The Mysterious Case of the Old Lady and the $1,000 Bill (And My Mom)

Mom emailed to tell me about something interesting that happened…

“We volunteered at a local theater. Dad gave out the programs and I worked the food concession. A really older lady purchased a cookie and coffee. She handed me 4 singles to pay for them. When I looked at the bills to put them in the cash box, one of them had 3 zeroes. Yes, it was a thousand-dollar bill.

“I have never seen one before and was so amazed. I don’t even know who is on it. Anyway, I gave it to her and told her to be very careful and put it somewhere else. Who would even carry such a bill? Dad asked me to point her out to him, and I was still so amazed, I couldn’t do it … Just thought I’d share the experience with you.”


OK, first off: How old was this lady? Mom is 84 and here she is calling someone “a really older lady.” 95? 100?

Second: Yes, my Mom is a very kind and honest woman, and she immediately felt protective of this woman. I’m surprised she didn’t take her home with her and Dad. And make her some soup.

Third: Grover Cleveland. He’s on the $1,000 bill. GC was the 22ndand 24thPOTUS, the only person to win and serve two non-consecutive terms (1885-89 and 1893-97).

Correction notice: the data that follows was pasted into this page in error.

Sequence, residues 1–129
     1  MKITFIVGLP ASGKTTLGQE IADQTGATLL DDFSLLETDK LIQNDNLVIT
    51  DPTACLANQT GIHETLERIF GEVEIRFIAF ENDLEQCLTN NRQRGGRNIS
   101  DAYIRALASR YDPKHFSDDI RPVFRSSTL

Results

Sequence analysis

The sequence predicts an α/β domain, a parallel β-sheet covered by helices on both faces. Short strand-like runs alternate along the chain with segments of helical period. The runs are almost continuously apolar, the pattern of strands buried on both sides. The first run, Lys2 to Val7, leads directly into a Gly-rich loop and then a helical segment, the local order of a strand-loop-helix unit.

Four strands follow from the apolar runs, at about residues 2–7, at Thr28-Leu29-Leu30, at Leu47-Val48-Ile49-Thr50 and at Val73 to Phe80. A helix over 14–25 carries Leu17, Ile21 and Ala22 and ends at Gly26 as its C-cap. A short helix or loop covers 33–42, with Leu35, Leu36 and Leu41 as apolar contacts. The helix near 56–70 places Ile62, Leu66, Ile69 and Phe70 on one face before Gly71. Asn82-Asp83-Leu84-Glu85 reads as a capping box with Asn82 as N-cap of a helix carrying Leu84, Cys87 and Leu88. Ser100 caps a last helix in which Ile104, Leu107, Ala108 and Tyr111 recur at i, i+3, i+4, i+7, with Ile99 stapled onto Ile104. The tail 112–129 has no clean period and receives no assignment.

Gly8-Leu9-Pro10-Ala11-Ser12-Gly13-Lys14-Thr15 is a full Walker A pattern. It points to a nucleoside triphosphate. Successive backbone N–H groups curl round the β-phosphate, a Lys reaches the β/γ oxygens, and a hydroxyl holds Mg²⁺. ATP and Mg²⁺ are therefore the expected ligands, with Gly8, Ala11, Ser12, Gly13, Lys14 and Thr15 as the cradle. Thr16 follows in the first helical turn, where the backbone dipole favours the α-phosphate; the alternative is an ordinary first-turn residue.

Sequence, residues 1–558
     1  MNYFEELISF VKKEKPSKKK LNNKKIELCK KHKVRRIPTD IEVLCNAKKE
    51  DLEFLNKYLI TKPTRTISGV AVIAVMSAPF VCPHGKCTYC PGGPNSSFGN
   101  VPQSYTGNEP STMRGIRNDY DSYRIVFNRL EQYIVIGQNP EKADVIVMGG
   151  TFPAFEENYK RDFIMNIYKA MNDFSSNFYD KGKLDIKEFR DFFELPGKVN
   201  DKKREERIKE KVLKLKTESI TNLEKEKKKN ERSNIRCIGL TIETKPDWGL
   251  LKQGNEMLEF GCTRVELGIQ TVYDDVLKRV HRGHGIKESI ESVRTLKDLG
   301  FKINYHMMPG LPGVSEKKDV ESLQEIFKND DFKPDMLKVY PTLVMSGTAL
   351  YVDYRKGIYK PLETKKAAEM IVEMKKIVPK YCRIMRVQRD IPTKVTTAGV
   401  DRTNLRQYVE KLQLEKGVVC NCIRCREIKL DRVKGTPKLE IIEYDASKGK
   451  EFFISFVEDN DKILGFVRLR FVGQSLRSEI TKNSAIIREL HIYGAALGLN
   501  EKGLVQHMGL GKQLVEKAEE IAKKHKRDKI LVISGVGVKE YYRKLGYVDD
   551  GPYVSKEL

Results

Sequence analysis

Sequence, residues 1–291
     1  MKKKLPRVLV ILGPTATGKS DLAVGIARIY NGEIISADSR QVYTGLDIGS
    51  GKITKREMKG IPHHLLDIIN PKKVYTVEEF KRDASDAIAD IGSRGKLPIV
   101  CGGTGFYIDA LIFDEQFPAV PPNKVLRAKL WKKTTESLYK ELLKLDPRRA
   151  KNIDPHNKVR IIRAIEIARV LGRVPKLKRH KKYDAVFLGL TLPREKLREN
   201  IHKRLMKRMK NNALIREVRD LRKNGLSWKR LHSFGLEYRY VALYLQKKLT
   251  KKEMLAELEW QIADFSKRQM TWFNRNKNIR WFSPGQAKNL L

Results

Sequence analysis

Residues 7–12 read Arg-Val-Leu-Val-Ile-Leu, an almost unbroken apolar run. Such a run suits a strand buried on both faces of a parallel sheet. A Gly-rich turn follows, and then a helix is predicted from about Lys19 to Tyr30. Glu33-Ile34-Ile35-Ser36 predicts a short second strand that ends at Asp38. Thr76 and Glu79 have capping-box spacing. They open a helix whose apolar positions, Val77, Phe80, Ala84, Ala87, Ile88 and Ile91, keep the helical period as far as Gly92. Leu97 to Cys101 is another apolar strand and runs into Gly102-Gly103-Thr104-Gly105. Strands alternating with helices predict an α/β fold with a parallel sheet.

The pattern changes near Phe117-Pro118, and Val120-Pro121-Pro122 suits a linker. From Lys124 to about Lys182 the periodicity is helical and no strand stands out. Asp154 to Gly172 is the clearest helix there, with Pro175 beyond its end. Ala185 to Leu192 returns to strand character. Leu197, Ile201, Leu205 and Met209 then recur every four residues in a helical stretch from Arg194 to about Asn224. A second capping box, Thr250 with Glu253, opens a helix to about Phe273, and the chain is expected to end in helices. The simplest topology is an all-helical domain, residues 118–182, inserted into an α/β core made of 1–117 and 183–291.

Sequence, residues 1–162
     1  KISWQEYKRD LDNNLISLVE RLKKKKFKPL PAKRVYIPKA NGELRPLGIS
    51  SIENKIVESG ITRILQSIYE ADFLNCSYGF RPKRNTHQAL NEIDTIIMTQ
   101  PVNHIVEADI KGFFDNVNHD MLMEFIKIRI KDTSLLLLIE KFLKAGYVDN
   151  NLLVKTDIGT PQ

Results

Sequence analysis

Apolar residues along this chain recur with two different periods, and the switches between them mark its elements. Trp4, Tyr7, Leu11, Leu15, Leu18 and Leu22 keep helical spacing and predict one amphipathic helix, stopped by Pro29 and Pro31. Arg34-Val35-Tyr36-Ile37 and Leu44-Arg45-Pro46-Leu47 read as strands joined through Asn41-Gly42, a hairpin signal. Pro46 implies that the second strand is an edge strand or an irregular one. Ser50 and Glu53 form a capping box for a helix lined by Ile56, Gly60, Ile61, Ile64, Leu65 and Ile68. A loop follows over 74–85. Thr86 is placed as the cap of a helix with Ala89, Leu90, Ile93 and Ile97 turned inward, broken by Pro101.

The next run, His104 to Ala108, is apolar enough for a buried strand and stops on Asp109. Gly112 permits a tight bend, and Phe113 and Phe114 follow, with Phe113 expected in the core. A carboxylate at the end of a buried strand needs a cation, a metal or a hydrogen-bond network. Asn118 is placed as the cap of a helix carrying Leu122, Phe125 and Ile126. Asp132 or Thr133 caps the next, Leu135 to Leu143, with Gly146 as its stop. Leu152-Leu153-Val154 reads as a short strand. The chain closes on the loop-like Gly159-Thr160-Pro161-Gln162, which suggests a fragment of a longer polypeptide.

According to the Federal Reserve: “On July 14, 1969, the Federal Reserve and the Department of the Treasury announced that banknotes in denominations of $500, $1,000, $5,000 and $10,000 would be discontinued due to lack of use.”

There are still several of these big bills around, and they’re worth a lot more than their face value.

Mom: “I looked up the bill. It is worth $2,750 if in fine condition. It looked fine to me. I wish I knew who the lady is, as I would like to tell her what it’s worth and to be more careful. Dad and I are trying to figure out the story. What about you?”


Mom also went on to say that, because I’m a writer, I should write a short story about it “for the New Yorker.”

I emailed back to tell her I’m on it, and that she should alert the New Yorker. I know, I know, but Mom thinks I’m the greatest writer in the world and the New Yorker would be lucky, darn lucky, to have my short story about the old lady and the $1,000 bill.

Hey, maybe the woman is Grover Cleveland’s great granddaughter. Nah, too simple. But, I promised Mom I’d wrote a short story about her short story (which, by the way, is how John Irving got the idea for The World According to Garp – and he never once thanked his mom, the ingrate), and so I’ll write the story even though fiction isn’t my strong suit.

I always listen to my mother.

Stay tuned, I’ll keep you updated on the progress of my story (and post it here if for some reason the New Yorker doesn’t want it), and let you know if Mom runs across this woman again at the theater. Feel free to send me your thoughts, plots and dialogue and humorous anecdotes that tie in with this story. And if you happen to have a $1,000 bill lying around, send it my way. It might inspire me.



One thought on “The Mysterious Case of the Old Lady and the $1,000 Bill (And My Mom)

  1. I’m looking forward to reading your story inspired by this incident. Do you think this was a counterfeit bill (perhaps passed to here by her grandchildren as a practical joke) or due you think it was it real?


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